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UniCredit and Citigroup are working hard to get out of Russia

These banks are among the few Western lenders that have a significant presence in Russia. Moscow’s invasion of Ukraine and subsequent international sanctions forced foreign bank officials to think about turning their backs on the country. According to an analysis by the Financial Times last week, Western banks have already made provisions for an expected loss of more than $10 billion.

UniCredit has received several offers from Russian financial institutions to buy out its local branch since the bank’s CEO, Andrea Orcel, announced in March that the bank was considering exiting the country. One of the offers came from the Interros Group, an investment company owned by Vladimir Potanin, one of Russia’s richest men and oligarchs, and not endorsed by the United States, the United Kingdom or the European Union. However, UniCredit reportedly turned down the offer abruptly. The Italian banking group is still negotiating the sale of its Russia business with a few non-sanctioned financial institutions. He said it would cost 5.3 billion euros to close and write off its Russia operations without selling.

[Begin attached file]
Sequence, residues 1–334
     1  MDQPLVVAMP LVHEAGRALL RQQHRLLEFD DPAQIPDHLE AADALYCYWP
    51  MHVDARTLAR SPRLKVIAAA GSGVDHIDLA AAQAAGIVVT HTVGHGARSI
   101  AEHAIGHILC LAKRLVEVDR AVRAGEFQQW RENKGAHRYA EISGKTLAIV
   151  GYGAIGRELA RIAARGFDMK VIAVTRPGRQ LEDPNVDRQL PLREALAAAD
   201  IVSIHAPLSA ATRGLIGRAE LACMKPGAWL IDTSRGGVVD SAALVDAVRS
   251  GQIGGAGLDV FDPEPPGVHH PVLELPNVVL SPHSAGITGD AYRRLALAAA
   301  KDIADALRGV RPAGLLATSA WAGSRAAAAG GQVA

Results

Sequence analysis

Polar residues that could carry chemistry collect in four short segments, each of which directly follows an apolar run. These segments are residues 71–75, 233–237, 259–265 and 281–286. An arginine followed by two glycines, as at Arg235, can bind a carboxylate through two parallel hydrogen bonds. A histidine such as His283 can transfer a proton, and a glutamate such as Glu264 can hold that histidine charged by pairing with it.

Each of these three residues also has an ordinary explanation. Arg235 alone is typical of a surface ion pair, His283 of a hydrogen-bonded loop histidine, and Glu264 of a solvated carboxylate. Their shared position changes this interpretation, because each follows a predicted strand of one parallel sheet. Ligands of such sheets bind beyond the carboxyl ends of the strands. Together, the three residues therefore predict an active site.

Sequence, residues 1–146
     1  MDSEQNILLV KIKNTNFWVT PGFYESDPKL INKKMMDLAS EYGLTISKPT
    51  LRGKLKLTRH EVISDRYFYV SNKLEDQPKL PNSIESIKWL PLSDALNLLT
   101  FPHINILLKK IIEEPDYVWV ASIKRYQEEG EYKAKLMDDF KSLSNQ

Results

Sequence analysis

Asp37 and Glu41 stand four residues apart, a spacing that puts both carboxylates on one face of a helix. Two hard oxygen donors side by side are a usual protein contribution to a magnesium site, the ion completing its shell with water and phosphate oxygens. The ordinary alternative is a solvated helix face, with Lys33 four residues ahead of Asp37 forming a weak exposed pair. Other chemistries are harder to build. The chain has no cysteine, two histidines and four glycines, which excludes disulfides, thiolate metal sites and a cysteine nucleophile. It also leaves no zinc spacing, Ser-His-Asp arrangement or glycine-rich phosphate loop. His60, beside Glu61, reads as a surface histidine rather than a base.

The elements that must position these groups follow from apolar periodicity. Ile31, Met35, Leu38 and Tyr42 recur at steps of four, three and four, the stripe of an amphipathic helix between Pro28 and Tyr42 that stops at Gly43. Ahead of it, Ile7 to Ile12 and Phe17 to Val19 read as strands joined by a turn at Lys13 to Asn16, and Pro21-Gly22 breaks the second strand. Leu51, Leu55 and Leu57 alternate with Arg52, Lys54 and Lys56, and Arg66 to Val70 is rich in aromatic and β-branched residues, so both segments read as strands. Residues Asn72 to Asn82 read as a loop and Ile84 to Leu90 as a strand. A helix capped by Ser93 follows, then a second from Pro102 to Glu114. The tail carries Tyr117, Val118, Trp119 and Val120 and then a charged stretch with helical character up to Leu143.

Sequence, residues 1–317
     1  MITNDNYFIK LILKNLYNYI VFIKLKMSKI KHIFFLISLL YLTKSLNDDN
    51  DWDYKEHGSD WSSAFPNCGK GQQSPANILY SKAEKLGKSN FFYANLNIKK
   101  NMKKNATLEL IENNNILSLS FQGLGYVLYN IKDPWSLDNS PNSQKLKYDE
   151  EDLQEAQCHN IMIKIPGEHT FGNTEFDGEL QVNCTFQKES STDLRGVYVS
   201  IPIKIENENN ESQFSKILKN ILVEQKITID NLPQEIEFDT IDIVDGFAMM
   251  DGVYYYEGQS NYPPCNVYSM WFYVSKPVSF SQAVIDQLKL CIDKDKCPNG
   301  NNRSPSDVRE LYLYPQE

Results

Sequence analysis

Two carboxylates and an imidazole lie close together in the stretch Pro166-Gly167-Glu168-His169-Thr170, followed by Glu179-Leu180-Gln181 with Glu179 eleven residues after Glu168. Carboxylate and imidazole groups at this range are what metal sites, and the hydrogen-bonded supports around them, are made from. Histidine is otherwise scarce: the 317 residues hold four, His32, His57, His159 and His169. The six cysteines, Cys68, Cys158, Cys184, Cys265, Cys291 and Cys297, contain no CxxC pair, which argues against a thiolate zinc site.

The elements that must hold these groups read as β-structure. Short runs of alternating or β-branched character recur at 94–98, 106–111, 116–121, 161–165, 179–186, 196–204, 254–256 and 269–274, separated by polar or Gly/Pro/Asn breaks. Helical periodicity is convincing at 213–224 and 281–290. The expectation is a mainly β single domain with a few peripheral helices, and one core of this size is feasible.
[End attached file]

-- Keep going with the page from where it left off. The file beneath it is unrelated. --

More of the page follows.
Interros has already acquired several companies, including an agreement to buy a subsidiary of French Société Générale called Rosbank (the French bank will give up 3.1 billion euros) and a 35 percent stake in TCS fintech from Russian entrepreneur Oleg Tinkov.

Meanwhile, VTB, Russia’s second largest bank, received support from the Central Bank for the purchase of the state-owned Otkritie and the RNCB. All three are subject to Western sanctions.

Citi would rather sell to a non-sanctioned organization than exchange assets. According to a person familiar with the case, he is conducting “several negotiations” with medium-sized Russian banks to sell part of his consumer and corporate banking operations in the country.

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According to the Financial Times, Western banks have also negotiated with regulators that, as a last resort, they can get special waivers to do business with sanctioned individuals and companies.

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